It's been almost a year since I stopped doing Youth Ministry. I've been leading or doing some kind of ministry since I was 17 and I have to say I've had a wonderful and restful break from it. On the other hand, it's also an amazing and challenging role to have. I thought maybe I should share some of what I've learnt or have discovered.
Thems were the days..
interesting to start with a section on retrospect, but I will anyway.
I've had lots of chats with people using the opening line 'why does it
always seem that the best days of youth groups have been and gone? (and
why can't we recreate this now as leaders?)' I've got a few answers,
some which I agree with, and others which I really don't. Here's some of
1. Things really WERE better then. Maybe
it's because we (not as in me and friends, as in 'we' youth workers who
have been part of many different ministries) weren't in charge then.
Maybe it's because we had leaders were respected. maybe the activities
really were just that good.
2. You could DO more stuff.
If you've known me for awhile, you'll know about many stories of
canoes, running around main streets at 11pm and playing Bigger or better
in the dark. Yes, youth leaders then seemed to take a LOT of risks. I
don't think they were particularly clever now I think about it. But it
3. Because you and you and you were there.
My alltime favourite days were running around being crazy with Jem and
Ali. I couldn't get those days back, and they never could continue. But
they WERE good.
Everyone has an agenda.
true. Everyone has some kind of agenda, but often it's a good one (or, a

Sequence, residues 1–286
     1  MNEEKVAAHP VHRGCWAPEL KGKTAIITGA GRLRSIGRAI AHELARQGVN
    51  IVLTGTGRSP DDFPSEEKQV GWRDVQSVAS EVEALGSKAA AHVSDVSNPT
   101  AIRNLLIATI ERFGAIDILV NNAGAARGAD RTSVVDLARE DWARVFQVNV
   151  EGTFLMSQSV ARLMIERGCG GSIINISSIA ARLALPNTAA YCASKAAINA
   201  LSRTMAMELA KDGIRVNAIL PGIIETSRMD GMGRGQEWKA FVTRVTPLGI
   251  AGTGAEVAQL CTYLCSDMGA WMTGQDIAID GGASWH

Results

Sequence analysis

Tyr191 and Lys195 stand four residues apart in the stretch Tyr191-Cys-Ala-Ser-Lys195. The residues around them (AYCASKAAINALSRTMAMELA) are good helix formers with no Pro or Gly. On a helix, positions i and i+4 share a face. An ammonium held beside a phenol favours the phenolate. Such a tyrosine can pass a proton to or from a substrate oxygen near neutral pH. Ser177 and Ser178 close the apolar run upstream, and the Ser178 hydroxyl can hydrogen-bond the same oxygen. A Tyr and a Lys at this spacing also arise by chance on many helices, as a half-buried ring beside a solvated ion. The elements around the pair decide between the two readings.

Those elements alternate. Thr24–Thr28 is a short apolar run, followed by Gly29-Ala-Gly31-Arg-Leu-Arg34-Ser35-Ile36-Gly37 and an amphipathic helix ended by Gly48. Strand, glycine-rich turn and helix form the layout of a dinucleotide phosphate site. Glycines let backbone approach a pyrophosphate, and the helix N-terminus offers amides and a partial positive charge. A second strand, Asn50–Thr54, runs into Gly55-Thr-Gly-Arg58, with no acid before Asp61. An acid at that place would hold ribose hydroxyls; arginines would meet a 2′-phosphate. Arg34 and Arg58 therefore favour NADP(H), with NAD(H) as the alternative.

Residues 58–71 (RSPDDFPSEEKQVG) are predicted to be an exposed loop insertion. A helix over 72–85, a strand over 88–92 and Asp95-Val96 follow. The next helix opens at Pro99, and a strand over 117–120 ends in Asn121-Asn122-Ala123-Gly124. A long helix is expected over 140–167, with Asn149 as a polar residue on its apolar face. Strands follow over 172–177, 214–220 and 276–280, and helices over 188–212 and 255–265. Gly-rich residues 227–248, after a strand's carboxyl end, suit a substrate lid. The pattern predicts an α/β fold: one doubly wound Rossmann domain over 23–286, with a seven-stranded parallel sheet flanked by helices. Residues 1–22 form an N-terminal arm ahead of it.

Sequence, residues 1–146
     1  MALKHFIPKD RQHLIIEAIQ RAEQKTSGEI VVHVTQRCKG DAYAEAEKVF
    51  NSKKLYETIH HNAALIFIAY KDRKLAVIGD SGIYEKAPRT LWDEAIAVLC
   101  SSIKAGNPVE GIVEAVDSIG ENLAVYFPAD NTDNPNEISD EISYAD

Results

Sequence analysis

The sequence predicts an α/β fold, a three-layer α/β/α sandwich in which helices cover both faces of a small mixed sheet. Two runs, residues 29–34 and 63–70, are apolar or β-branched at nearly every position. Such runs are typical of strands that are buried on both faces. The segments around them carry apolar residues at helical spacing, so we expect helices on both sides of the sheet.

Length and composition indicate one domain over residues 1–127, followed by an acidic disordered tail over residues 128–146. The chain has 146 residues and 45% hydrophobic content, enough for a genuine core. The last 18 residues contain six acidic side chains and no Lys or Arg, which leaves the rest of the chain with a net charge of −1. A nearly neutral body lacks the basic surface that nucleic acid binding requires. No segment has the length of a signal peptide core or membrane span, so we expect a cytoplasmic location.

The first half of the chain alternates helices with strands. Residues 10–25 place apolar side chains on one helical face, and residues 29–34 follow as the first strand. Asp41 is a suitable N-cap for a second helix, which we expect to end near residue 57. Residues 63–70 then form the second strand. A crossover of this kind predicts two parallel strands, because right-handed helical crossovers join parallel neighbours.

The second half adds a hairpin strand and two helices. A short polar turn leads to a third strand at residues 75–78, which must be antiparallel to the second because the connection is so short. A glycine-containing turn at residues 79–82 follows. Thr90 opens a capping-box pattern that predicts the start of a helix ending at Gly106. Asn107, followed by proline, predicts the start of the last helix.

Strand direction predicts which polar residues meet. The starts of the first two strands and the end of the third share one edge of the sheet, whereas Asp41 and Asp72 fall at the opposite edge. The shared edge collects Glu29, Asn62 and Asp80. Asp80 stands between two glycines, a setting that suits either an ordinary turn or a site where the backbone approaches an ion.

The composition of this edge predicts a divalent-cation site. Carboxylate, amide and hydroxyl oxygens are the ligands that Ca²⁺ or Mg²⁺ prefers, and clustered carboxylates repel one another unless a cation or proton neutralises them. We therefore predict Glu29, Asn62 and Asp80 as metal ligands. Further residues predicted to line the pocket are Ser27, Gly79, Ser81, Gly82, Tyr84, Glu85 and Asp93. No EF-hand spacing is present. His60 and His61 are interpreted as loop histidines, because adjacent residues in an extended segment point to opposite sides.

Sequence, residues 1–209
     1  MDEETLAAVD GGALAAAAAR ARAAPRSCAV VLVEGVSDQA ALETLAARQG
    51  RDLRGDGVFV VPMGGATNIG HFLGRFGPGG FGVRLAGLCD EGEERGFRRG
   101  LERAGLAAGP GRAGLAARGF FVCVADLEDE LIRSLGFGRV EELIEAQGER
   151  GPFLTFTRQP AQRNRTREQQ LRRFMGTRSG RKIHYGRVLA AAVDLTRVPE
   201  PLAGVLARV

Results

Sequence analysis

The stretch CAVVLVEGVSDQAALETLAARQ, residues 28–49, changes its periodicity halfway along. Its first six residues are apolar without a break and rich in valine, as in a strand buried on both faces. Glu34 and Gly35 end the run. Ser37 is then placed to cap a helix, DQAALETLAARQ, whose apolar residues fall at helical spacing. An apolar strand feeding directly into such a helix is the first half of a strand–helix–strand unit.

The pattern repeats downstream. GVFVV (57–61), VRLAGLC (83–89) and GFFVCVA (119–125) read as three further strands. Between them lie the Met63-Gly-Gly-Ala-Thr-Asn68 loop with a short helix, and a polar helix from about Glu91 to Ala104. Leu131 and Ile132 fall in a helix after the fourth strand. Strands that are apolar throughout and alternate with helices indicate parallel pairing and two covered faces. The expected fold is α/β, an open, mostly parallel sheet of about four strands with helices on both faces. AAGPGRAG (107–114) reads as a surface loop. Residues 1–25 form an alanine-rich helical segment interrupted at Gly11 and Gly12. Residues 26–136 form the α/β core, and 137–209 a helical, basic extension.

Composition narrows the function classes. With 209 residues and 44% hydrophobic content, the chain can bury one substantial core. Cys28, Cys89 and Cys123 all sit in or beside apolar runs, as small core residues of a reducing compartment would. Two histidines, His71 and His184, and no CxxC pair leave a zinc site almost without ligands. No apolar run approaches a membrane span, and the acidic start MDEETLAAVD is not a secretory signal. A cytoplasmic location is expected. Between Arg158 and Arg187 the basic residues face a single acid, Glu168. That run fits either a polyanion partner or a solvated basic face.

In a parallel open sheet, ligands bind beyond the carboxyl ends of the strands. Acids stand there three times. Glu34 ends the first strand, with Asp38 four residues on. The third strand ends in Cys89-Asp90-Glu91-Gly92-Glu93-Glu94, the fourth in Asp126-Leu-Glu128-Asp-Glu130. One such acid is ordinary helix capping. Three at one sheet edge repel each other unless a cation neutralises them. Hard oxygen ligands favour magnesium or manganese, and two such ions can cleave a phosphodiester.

well-intended one). I'd say you need a thick skin to stay in one place
for a long time, especially when your agenda clashes with whoever pays
you (or doesn't pay you in the case of volunteer roles).
best agendas to have: I want these kids to know Jesus, I want to show
kids what Jesus is like thru those in leadership, I want to encourage a
healthy spirirual life, I want to create a safe, fun and loving
The worst agendas to have: Numbers, passing on my own
causes and beliefs which are not core to the gospel teaching, meeting
potential partners, wanting to save the world, finding a 'cause' within a
youth and attempting to rescue them.
Of course what I've
said in the 'worst agenda' bit is a bit intense, and I have seen many
good things come thru people who may have bad ones. You need to take
each young person and each situation as they come. I just warn aganist
the danger of becoming a youth ministry leader in order to rescue youth
because we think we know what's best.
Jesus Comes First
JC didn't come first in this one! However, when we lay down our own
agendas and embrace that JC and His message comes first, we give power
At the end of the day you can have swishy
games and fancy devotions, but if your core vision isn't about Jesus,
what's the point of ministry?
around churches and other fellowship gathering places, you'll notice
that there really are some oddballs around. Now, within ministry
(school, church, whatever), you attract the minority as well as the
majority. Why though? Jesus drew massive crowds but people who were
considered 'the least' were pursued BY Him. When you embrace this idea
of serving the minority it all makes a lot of sense.
Always expect the unexpected
loved chaplaincy and the wonderful excuses it gave me to talk to
people, both from the Christian faith, and not, because without my role
as a 'Christian' I never would have had the opportunity to be part of
their lives. I was so completely overwhemled with the amount of love I
was given in return for my role.
"Remember that crazy leader? Whatever happened to them?"
of the downfalls of being a youthy and then being involved in youth
ministry is the amount of people you lose. (I was tempted to say 'to the
world', but I don't really agree with that statement.) Several people
who have ministered into my life, taught me things and spent serious